Saturday, February 28, 2009

Business Plan...

Being a small-business owner, I can genuinely relate to the following letter. In a culture that loves to pretend that successful people became successful by accident or luck, folks need a reminder that real success is the fruit of hard work, sacrifice, and vision. It is particularly insulting when I hear someone imply that because someone has more, that he or she owes some portion of it to the great collective. We saw this happen with the basketball coach at UConn this week. A reporter had the nerve to ask if Calhoun was going to give back some of his the people. Some have acted like his eruption to the reporter was overblown. Personally, I'd have strangled the reporter. The thrust of the question is that if someone thinks you are paid too much, then you should consider sacrificing some of it.

I believed enough in my own abilities to start up my own business. It's a young operation, so I don't yet have any employees. If today's work includes writing a letter or picking up a set of plans or working up an invoice or making contact with potential new clients, guess who does that job. Ten years from now, if I've survived that long and generated enough business that I can afford to hire a person to do some of that, how patient do you expect I'll be if I overhear one of my employees tell a client of mine, "...that's not my job..."?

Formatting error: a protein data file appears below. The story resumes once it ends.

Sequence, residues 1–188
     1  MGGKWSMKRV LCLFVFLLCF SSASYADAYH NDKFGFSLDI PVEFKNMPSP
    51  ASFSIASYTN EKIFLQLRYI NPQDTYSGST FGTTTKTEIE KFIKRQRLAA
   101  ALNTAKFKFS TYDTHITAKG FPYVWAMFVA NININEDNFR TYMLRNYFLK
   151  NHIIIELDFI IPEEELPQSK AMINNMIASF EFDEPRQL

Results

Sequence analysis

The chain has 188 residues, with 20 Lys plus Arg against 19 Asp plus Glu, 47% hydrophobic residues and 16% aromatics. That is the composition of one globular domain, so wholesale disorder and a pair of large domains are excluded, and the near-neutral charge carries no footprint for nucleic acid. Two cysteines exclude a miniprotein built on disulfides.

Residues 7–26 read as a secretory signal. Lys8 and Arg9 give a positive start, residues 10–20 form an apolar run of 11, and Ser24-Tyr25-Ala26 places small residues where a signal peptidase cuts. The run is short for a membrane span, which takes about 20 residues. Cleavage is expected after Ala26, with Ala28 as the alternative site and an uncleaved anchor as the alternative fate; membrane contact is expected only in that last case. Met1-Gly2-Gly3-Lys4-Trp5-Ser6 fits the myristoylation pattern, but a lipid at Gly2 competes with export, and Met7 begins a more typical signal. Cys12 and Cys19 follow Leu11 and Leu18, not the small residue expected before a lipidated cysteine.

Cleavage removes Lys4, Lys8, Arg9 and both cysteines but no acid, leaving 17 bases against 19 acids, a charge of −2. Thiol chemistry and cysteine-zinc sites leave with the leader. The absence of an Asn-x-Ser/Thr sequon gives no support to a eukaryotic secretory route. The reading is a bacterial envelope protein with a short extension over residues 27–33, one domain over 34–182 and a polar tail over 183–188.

That's what I was told yesterday, when I picked up a set of plans and asked the girl whether she checked the scale on them. "Hee, hee...I got my nails done, today..hee, hee...check the scale? No, I don't do that..."

A client is planning on submitting a bid for millions of dollars worth of work. That client wants to beat the other bids, so he hires me to tell him precisely how much work is there. I drive 45 minutes to the reprographic firm, someone I pay to do work for me, and the more-important fact of her life on this day is her friggin' nails. Because I can't afford to repeat this trip if the scale is off, and because my reputation and the future of my business depends on it, I got a scale and checked it then and there. Hee-hee-hee.

I hope this letter hits home.

To All My Valued Employees,

There have been some rumblings around the office about the future of this company, and more specifically, your job. As you know, the economy has changed for the worse and presents many challenges. However, the good news is this: The economy doesn't pose a threat to your job. What does threaten your job however, is the changing political landscape in this country.